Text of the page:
Even the best examinees in the History papers can become mixed up because of Empress Matilda. She was the English princess, daughter of Henry I, his only legitimate child, and named his heir (there being no Salic Law in England in 1127). She was called ‘Empress’ because she married the Emperor of Germany.
Henry died after a reign lasting thirty-five years and Matilda should have become Queen but her relative Stephen, a grandson of William I (‘the Conquerer’) seized the throne. Stephen was married to a girl with the popular but confusing name of Matilda. Henry I’s first wife was also called Matilda. Stephen had a daughter called Maud, but she was drowned in The White Ship incident; also drowned in this accident was William the Atheling, heir to Henry I – and married to another girl called Matilda!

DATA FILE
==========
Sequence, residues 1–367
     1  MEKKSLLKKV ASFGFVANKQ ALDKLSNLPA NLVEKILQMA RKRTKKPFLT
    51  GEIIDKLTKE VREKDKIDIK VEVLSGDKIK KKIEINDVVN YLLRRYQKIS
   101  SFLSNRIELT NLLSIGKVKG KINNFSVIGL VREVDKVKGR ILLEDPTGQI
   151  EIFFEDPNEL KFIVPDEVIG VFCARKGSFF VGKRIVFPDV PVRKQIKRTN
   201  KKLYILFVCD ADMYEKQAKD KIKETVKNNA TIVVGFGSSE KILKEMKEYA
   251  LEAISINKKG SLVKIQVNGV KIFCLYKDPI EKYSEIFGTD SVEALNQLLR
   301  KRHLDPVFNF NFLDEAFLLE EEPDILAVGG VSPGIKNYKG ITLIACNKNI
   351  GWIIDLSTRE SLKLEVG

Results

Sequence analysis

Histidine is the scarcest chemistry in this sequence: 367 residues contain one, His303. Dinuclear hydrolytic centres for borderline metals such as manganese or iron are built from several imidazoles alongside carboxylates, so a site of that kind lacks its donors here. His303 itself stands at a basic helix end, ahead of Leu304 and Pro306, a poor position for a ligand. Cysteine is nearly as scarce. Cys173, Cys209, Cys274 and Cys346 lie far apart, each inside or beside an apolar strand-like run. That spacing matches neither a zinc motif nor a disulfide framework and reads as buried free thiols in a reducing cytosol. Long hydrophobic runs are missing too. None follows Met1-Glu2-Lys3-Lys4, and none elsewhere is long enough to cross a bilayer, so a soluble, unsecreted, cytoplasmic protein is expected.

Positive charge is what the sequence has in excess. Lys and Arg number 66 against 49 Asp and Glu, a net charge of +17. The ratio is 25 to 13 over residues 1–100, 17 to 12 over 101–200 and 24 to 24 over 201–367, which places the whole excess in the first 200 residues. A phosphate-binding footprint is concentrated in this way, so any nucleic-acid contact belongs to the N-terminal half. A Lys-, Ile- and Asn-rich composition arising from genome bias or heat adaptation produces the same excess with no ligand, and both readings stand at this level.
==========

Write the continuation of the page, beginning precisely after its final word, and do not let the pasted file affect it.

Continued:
The Empress was forced to escape out of England because of Stephen’s enforced claim to the throne; but she wasn’t giving up that easily. Her claim was backed by King David I of Scotland. She and her half-brother the Earl of Gloucester invaded England in 1339. Thus England was plunged into a kind of civil war between cousins, which the Empress Matilda, or Maud, lost. Stephen successfully established his seat on the throne, and Matilda left England (briefly) for France. Her son Henry eventually became King Henry II (q.v.) first of the Plantagenets. Matilda or Maud died in 1167, not much mourned by her son Henry, who did not like either his mother or his wife Eleanor of Aquitane (q.v.) despite the notion that she was the richest woman in Europe.
After this it was hoped by the scribes that royal families would find another name for their girls than Matilda (or Maud).